In my experience many young writers seem to struggle with writing detailed technical or lab reports. The structure of the report is usually held to a strict format and the language sometimes requires a passive voice.  In order for me to properly write a report (and to tutor a student as well) I take a structured outline approach. I use the same approach in reverse to check my reports for accuracy and content. Since reports are broken down into sections each needing its own specific content, my outline shows all of the needed content within each section. I then use this outline as a check list to make sure all content is accounted for in its proper place. Once this is completed I then reread each section for grammar, voice, etc.

My strategy for a tutoring session regarding a lab report would be similar as follows:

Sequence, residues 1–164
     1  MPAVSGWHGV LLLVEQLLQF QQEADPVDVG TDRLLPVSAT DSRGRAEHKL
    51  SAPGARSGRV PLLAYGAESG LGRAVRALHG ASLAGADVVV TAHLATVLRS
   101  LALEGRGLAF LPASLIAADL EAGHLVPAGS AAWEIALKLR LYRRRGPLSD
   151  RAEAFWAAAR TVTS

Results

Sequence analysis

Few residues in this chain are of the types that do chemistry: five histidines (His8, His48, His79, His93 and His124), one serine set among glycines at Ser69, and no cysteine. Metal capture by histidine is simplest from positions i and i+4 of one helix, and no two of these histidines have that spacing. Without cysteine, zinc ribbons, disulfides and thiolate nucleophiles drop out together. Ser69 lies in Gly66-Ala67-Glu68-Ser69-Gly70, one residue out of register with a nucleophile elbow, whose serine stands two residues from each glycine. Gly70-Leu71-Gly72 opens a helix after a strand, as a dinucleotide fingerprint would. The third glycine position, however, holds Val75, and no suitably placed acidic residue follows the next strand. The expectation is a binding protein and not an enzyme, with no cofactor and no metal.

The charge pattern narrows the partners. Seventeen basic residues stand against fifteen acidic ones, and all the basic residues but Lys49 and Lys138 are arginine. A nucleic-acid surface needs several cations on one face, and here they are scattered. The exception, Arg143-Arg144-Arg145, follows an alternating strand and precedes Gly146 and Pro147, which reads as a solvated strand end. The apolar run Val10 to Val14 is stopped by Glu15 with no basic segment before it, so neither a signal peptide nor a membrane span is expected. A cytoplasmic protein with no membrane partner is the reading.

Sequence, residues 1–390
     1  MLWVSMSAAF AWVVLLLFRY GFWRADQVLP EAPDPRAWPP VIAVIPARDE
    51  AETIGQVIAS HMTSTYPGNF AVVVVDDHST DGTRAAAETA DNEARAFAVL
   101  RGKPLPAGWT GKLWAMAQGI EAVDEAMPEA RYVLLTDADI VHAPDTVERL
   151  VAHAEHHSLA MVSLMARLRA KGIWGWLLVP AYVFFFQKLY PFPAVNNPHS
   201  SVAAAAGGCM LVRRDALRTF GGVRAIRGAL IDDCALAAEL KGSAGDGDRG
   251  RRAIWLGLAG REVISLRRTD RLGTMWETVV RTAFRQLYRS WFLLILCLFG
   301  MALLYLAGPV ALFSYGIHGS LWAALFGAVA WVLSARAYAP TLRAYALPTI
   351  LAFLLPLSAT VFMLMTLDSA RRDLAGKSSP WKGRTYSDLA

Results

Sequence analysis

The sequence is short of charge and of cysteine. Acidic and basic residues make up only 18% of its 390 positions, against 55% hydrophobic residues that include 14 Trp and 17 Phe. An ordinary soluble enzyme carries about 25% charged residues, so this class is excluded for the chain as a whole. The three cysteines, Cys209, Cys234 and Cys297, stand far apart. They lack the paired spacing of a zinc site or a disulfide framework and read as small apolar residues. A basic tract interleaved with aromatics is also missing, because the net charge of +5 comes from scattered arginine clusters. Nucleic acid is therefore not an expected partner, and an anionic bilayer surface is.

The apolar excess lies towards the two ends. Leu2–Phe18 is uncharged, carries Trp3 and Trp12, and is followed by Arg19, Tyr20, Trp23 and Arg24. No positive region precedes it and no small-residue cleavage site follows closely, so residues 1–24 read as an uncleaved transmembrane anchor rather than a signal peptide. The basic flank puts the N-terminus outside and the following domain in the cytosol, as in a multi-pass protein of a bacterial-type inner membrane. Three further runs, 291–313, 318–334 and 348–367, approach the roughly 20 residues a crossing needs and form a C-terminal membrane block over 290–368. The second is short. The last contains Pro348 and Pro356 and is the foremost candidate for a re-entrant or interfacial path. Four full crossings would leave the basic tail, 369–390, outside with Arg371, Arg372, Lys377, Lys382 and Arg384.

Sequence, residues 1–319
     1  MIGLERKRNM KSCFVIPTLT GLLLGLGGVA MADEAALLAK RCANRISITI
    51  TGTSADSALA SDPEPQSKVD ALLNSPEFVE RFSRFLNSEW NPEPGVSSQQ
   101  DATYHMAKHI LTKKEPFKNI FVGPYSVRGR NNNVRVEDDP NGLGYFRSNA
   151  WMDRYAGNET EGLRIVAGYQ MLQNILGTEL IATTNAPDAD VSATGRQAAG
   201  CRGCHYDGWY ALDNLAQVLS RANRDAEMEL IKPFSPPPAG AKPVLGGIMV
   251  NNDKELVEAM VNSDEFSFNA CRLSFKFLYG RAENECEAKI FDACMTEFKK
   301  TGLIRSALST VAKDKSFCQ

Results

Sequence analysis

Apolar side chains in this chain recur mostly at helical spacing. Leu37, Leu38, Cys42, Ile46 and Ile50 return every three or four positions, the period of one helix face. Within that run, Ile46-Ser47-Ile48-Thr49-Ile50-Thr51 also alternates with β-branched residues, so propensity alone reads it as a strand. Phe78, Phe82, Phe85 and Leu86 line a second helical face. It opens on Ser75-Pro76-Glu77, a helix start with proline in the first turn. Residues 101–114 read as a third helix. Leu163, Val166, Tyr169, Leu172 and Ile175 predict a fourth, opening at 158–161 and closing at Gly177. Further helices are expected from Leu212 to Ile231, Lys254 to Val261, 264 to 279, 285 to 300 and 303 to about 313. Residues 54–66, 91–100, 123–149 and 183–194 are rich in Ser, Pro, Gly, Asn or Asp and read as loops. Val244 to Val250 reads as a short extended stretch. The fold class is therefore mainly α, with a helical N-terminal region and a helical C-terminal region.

Me: What are we working on today?

Student: I have lab report due this week and I’m not sure if the format or content is correct.

Me: How did you start the writing process?

Student: Well, I gather all of the data and using the lab instructions I just started writing.

Me: Did you do an outline first?

Student: No. Should I have?

Me: It’s not required, but I prefer to use one. Let’s do one now and we can check your paper against it.

Student: Ok, let’s get started.

By using a reverse outline approach to reviewing technical reports each section can be seen as its own text. Each section has its own main topic and can be verified for grammar and such.

This method works great for me and I hope that it will help others as well.